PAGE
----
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There is a very popular group on the photography-oriented social networking website Flickr: Osanpo Camera. It is so popular that they have a daily limit on the number of photos that can be posted. Now, osanpo is a Japanese word that means, essentially, "free walking," If the o at the beginning of the word means "honorable," as it does in many other Japanese words, than osanpo means "honorable free walking." In my opinion osanpo deserves to be honored; it is a fascinating yet very democratic art form. I wanted to read more about it, but I can't read Japanese and most Internet references to osanpo are in that language. However. I would like to believe that a new project of mine, a video project, is in the best osanpo tradition.
My video project began with a need that had nothing to to with osanpo. I was spending too much time indoors with my laptop and not enjoying the beautiful fall weather. I dreamed up a wild scheme to build walking into a computer project: walk when the weather's nice, and shoot whatever came up with my iPhone. Of course, I had reinvented osanpo photography with that idea, but I didn't think of it at that time. What I did think about was scrawling text on the pavement with chalk and photographing the text, essentially creating titles for the photos.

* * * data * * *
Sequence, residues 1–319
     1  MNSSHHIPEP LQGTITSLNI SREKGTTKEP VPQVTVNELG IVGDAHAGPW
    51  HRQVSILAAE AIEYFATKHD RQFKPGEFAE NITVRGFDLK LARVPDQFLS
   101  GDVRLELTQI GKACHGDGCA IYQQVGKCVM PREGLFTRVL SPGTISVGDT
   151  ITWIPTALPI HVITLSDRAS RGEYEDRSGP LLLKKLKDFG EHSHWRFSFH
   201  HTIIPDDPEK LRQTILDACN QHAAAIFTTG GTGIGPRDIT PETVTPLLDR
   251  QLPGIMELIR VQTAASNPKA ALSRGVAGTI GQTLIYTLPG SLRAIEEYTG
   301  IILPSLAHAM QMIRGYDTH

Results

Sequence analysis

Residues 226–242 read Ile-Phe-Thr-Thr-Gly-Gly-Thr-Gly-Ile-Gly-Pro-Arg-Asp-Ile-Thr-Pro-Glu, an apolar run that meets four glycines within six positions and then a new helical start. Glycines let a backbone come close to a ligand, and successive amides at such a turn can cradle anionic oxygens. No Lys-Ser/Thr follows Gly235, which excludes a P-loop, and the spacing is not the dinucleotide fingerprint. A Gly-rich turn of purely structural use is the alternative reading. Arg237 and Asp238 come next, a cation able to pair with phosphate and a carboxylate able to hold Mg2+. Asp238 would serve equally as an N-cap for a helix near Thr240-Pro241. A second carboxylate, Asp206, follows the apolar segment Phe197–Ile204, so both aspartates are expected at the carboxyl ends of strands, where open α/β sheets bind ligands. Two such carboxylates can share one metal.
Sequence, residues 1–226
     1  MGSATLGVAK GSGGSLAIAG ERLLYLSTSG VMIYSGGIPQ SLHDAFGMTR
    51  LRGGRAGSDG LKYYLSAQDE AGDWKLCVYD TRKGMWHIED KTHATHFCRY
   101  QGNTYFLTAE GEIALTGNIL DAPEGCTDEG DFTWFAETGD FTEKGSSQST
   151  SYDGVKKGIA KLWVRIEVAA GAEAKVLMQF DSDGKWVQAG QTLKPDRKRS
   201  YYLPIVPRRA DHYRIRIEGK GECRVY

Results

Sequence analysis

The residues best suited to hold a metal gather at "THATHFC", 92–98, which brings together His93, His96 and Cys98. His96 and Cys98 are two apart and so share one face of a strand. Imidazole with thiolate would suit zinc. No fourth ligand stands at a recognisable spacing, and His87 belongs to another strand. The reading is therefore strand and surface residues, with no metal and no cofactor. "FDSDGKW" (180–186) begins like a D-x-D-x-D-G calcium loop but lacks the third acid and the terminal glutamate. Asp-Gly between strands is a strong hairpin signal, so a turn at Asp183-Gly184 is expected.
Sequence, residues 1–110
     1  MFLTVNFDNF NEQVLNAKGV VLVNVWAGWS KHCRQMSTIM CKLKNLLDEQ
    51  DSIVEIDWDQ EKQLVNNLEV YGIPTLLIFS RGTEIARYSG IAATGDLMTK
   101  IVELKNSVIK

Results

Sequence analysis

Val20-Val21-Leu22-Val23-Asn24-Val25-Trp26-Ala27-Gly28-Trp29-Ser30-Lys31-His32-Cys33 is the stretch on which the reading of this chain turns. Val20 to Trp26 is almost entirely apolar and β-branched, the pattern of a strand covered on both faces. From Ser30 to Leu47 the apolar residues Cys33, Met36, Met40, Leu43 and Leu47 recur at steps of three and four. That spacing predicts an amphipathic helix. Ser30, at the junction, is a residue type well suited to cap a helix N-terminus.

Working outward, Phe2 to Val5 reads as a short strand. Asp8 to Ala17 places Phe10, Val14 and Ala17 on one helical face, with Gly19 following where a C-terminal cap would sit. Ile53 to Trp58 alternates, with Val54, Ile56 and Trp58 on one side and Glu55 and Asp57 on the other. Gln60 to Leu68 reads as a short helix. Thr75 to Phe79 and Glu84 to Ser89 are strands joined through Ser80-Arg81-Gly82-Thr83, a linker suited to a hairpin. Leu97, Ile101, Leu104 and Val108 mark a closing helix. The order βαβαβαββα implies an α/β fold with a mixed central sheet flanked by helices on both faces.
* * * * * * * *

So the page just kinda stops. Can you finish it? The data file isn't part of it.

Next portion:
Then I had an epiphany. I could find my camcorder, literally dust it off (I hadn't used it since 2004), and shoot in front of me as I walked. That would give me an opportunity to play with the new version of iMovie that Apple had just shipped: a version that infuriated experienced iMovie editors, because it purported to simplify the movie-making process while eliminating many of the cool features of the previous edition. Apple claimed that the new iMovie made it possible to create a finished "home movie" in one-half hour with the new iMovie.
The video shown above was indeed created with iMovie, but it took more than one-half hour. In fact, it took four hours. I know that for a fact because I got a parking ticket for going overtime in a 90-minute parking zone. But I was able to edit all my stuff, upload it to YouTube, and even compose the opening music theme in Garageband, all in four hours. After putting the video on YouTube, I also uploaded it to Seesmic, a website just created in the past few weeks by Loïc Lemeur. Seesmic is very cool, and I will write more about it another time. In the meantime, I hope that Coffeeblog readers will enjoy my osanpo video, entitled "Chalk Walk One," which they can watch courtesy of Seesmic.Permanent Link to This Entry | | | Technorati Tag: Seesmic blog comments powered by Disqus Comments (View)
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